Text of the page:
October 31 is a day celebrated around the world in many different cultures. It originates from the ancient Celtic spiritual tradition of Samhain, and has always been a symbol of death and renewal. It turns out that history is filled with landmark events on this date which propel human civilization forward.
On October 31, 1517, Martin Luther nailed his Ninety-Five Theses onto the door of All Saints’ Church in Wittenberg, criticizing the indulgences of the Roman Catholic Church. It started the Reformation which would later lead to the separation of Church and State. Exactly 11 years ago, on October 31, 2008, a link to a paper authored by Satoshi Nakamoto titled Bitcoin: A Peer-to-Peer Electronic Cash System was posted to a cryptography mailing list, challenging the authority of central banks and their monetary policy abuses.
History will look back on the Bitcoin whitepaper as the beginning of the separation of Money and State. For all libertarians and sovereign individuals, myself included, it is an aspiration worth striving for.
As a polymath and Bitcoin maximalist, I see Bitcoin as a portal to ideas of great thinkers of which I’m a student: Gustave Le Bon’s crowd psychology, Eric Hoffer’s fanatical mass movements, Nassim Nicholas Taleb’s antifragility and skin in the game, Friedrich von Hayek’s distributed knowledge and monetary competition, Jorge Luis Borges’ illusion of reality, Friedrich Nietzsche’s will to power, John Nash’s game theory, and much more that I’m yet to discover. It never fails to amaze me to see how these ideas, through Bitcoin, are playing out everyday right in front of our eyes, and I’m grateful to be part of the greatest social revolution of our time.
It is a very common clever device that when anyone has attained the summit of greatness, he kicks away the ladder by which he has climbed up, in order to deprive others of the means of climbing up after him. In this lies the secret of the cosmopolitical doctrine of Adam Smith, and of the cosmopolitical tendencies of his great contemporary William Pitt, and of all his successors in the British Government administrations.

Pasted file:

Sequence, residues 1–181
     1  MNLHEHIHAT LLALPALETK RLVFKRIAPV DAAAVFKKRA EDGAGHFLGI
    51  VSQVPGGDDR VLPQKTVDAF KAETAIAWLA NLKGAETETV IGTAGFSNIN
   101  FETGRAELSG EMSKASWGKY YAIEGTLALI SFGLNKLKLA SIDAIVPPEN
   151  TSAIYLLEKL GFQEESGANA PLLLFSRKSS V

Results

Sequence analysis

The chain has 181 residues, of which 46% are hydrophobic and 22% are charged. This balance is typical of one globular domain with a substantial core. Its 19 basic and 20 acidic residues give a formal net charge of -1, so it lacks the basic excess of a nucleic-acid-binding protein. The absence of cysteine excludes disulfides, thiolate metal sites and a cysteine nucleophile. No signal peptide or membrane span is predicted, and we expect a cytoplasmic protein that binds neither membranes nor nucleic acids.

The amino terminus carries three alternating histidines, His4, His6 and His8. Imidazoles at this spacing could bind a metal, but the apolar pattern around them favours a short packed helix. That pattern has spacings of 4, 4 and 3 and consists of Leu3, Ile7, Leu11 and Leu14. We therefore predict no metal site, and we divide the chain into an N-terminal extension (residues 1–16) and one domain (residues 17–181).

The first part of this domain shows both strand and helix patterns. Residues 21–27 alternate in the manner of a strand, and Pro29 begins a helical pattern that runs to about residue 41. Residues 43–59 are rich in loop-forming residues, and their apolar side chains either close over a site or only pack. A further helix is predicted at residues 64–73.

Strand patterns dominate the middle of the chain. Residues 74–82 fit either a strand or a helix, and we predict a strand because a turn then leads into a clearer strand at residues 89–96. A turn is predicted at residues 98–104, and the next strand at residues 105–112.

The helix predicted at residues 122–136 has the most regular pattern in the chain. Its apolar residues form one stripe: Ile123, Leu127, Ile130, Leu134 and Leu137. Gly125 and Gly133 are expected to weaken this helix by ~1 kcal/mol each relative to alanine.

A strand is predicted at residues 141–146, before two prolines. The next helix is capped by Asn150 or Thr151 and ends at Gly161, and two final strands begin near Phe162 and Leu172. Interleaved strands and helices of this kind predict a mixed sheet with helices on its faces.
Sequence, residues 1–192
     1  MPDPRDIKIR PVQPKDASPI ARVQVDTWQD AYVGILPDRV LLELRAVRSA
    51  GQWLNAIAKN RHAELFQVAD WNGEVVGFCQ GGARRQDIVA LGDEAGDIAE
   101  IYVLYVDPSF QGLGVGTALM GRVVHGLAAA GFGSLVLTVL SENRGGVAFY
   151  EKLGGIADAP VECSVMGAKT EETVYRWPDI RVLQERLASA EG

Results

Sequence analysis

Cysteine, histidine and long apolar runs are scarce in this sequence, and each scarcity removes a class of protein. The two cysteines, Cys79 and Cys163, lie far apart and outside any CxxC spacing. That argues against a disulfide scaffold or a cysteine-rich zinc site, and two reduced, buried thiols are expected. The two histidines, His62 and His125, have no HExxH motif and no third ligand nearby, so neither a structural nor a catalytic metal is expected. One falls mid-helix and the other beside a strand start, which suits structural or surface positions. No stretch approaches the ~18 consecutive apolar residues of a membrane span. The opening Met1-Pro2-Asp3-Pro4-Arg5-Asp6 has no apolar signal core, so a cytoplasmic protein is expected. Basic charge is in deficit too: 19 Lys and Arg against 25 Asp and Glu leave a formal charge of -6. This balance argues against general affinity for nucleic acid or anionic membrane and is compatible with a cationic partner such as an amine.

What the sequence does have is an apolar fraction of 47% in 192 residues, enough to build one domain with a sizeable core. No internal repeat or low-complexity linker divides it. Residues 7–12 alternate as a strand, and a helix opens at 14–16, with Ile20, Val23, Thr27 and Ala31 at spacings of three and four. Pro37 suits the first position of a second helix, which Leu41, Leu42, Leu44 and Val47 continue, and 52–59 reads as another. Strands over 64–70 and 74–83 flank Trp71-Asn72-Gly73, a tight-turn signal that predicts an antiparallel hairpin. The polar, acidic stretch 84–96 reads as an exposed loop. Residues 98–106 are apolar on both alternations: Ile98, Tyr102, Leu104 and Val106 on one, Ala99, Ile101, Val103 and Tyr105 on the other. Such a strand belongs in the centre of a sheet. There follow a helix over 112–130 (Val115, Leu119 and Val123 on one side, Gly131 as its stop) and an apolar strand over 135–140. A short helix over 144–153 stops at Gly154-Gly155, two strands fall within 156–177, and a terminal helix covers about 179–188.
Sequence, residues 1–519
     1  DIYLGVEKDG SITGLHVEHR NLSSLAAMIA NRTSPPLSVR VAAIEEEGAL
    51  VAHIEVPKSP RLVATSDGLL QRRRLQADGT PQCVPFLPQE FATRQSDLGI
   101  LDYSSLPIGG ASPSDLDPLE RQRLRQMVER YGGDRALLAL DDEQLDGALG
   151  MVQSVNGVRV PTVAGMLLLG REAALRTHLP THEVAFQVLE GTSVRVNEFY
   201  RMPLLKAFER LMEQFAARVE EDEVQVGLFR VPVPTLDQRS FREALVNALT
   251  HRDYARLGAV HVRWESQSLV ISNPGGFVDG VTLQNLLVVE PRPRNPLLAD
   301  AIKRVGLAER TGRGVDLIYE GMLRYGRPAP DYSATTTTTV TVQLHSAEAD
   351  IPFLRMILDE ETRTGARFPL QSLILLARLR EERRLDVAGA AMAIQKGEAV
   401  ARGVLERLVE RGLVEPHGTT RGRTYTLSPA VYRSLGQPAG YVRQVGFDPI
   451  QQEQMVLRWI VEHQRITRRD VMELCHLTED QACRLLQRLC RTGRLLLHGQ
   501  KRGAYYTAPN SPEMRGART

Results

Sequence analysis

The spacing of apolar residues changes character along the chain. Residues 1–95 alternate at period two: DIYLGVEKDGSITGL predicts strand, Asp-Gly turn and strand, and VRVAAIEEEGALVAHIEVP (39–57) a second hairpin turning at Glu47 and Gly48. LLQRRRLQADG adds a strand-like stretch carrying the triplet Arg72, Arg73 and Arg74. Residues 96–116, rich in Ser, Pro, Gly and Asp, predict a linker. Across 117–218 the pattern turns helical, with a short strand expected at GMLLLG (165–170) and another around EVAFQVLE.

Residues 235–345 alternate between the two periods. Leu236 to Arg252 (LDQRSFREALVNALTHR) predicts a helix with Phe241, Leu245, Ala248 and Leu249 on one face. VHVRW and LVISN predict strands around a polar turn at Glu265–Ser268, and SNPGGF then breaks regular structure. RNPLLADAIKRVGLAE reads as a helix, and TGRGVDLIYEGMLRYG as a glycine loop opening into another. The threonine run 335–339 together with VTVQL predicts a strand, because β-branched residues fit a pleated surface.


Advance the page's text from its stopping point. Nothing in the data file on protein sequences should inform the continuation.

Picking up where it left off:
Any nation which by means of protective duties and restrictions on navigation has raised her manufacturing power and her navigation to such a degree of development that no other nation can sustain free competition with her, can do nothing wiser than to throw away these ladders of her greatness, to preach to other nations the benefits of free trade, and to declare in penitent tones that she has hitherto wandered in the paths of error, and has now for the first time succeeded in discovering the truth.
When Friedrich List wrote these paragraphs in The National System of Political Economy in the 19th century, the U.S. was a newly industrializing nation. Today, it is at the pinnacle of technological achievements. Here are the hard truths about national economic development: climbing your way up requires unorthodox tools; staying on top takes hypocrisy to deny latecomers those very same tools.
John Atkinson created irreverent summations, in the fewest words possible, of some of the most famous works of literature. Here are my own for the Four Great Classic Novels of China:
- Romance of the Three Kingdoms: Empire splits into three parts. Then reunited.